Plastics take 100-400 years to decompose in a landfill. (Why you should #refusethestraw)

Apparently, every year the US produces enough plastic to shrink-wrap all of Texas.

Glass never wears out so it can be recycled forever. Fun fact from Farrah: glass is a liquid that moves really slowly.

You can reduce carbon emissions by 850 lbs a year by recycling all waste newsprint, cardboard, glass and metal from your home.

The US produces 21.5 million tons of food waste. If we composted all of this food, it reduces emissions at a rate equivalent to taking 2 million cars off of the road.

We could heat 50,000,000 homes for 20 years with the amount of wood and paper thrown away.

In 2004, 55 billion aluminum cans were wasted! It only takes 46 billion to fill the Empire State Building 20 times!

On average, a person throws out 4lbs of garbage a day.

These facts really put our waste into perspective. We live in a throw away society. If everyone made an effort just to be a little more conscience about waste, it could make huge impact.

These fun facts have been provided by my House of Doolittle Recycled Planner.

Cover Image Credit: https://s3-us-west-1.amazonaws.com/stanford.ucomm.newsms.media/wp-content/uploads/2016/11/10165436/environment_GettyImages-501231894.jpg

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Solving Climate Change Is The Key To Solving Poverty

Two insurmountable problems, one solution.

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It is rare that anything happens in a vacuum. Even more than most things, poverty is intertwined with a number of other issues facing our society. One issue you may not have connected to poverty though is climate change. For one thing, "extremely poor people cannot lift themselves out of poverty without access to reliable energy." This has to be done though without increasing and preferably reducing pollution, and carbon emissions.

This is easier said than done when "achieving universal electricity access by 2030 would result in only a 2% increase in global emissions." This is why the "rhetorical link the UN is making between anti-poverty and anti-climate " is important "it will push the environmental movement to focus its efforts where they should always have been - on wind and solar – and to make sure that the cost of new technology is borne by those who can afford it."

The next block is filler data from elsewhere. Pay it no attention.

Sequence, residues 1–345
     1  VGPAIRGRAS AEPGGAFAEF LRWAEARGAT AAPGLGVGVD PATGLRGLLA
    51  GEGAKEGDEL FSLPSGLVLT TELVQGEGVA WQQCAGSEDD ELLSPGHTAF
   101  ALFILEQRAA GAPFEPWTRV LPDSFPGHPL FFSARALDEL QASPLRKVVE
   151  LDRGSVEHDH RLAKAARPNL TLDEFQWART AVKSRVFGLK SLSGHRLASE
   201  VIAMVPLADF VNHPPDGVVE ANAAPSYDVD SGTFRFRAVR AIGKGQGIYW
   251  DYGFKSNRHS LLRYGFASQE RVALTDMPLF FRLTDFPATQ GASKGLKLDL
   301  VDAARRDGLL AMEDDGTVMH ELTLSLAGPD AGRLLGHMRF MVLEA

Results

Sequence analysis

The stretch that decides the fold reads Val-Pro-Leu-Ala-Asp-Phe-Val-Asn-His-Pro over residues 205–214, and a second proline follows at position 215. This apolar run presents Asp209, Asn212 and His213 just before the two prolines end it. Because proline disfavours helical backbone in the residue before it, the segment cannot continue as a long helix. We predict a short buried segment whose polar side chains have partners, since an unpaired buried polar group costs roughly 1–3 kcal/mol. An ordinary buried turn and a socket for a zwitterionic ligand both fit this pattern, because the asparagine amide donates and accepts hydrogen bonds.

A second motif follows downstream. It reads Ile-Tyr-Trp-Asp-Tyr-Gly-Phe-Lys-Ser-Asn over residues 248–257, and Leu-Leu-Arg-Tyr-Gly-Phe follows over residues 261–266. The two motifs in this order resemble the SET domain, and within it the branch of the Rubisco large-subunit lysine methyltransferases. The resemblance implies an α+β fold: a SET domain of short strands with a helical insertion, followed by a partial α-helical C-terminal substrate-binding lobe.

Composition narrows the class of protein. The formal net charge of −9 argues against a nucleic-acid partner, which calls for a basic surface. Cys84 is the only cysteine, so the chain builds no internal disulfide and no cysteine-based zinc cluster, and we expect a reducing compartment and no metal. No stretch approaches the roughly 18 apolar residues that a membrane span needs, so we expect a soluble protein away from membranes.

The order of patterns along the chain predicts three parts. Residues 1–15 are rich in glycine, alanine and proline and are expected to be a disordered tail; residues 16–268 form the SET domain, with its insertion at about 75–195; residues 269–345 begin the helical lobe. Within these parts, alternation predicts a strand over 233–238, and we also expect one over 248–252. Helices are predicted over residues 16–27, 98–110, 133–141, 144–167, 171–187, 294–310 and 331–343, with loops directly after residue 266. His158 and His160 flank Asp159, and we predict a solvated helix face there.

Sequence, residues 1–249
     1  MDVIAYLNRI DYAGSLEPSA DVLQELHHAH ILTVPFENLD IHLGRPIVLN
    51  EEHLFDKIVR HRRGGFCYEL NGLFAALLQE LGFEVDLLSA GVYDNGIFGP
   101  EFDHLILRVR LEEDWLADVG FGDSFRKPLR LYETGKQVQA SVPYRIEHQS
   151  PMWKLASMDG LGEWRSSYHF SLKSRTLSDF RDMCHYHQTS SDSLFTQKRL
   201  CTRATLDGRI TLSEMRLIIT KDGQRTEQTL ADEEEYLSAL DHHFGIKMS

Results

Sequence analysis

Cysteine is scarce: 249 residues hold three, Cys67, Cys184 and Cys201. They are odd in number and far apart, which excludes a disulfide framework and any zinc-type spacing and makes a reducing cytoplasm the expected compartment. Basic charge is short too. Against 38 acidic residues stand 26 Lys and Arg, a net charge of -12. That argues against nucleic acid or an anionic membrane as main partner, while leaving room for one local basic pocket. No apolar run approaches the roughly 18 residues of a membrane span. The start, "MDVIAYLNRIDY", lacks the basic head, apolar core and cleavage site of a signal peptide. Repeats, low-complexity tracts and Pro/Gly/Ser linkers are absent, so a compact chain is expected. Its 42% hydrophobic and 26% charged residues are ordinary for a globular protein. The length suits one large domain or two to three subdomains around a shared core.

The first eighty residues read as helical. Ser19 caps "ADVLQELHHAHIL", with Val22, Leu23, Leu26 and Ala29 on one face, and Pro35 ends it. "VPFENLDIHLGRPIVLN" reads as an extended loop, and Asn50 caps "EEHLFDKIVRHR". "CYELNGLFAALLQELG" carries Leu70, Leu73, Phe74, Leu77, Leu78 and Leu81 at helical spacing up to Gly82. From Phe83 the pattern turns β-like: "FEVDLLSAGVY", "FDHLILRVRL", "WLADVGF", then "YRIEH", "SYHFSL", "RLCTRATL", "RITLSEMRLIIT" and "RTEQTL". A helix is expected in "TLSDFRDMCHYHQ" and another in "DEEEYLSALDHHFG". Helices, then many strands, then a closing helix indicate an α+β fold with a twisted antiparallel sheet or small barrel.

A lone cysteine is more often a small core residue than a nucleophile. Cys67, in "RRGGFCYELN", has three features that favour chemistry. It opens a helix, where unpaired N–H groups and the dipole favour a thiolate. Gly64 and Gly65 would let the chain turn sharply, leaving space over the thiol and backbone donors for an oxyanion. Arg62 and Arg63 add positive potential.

With both poverty and climate change being such major problems they can appear insurmountable, but they can even be tackled together. One of the best ways to reduce poverty is with jobs, and "solar and wind jobs have grown at rates of about 20% annually in recent years, and sustainability now collectively represents four to four and a half million jobs in the U.S., up from 3.4 million in 2011."

With this, we need to focus on how to help green energy businesses. Where to start? Well, currently "a total of $20.5 billion annually in corporate welfare" goes to fossil fuels, "how does this compare to renewable energy subsidies? In terms of permanent tax expenditures, fossil fuels beat renewables by a 7-1 margin."

An investment in renewable energy could both help us create jobs, and reduce carbon emissions. You might be thinking "what about the jobs we'd lose in reducing the fossil fuel? Wouldn't that pretty much just balance this whole thing out?" The thing is, the jobs are in renewables, not fossil fuel.

With all that the answer becomes apparent. We can increase jobs, reduce emissions, and help alleviate poverty and climate change. It's a win-win situation, and all it would take is altering where we send our funds.

If you would like to learn more about it than you can look at the UN's plan, and the World Bank's thoughts on the issue.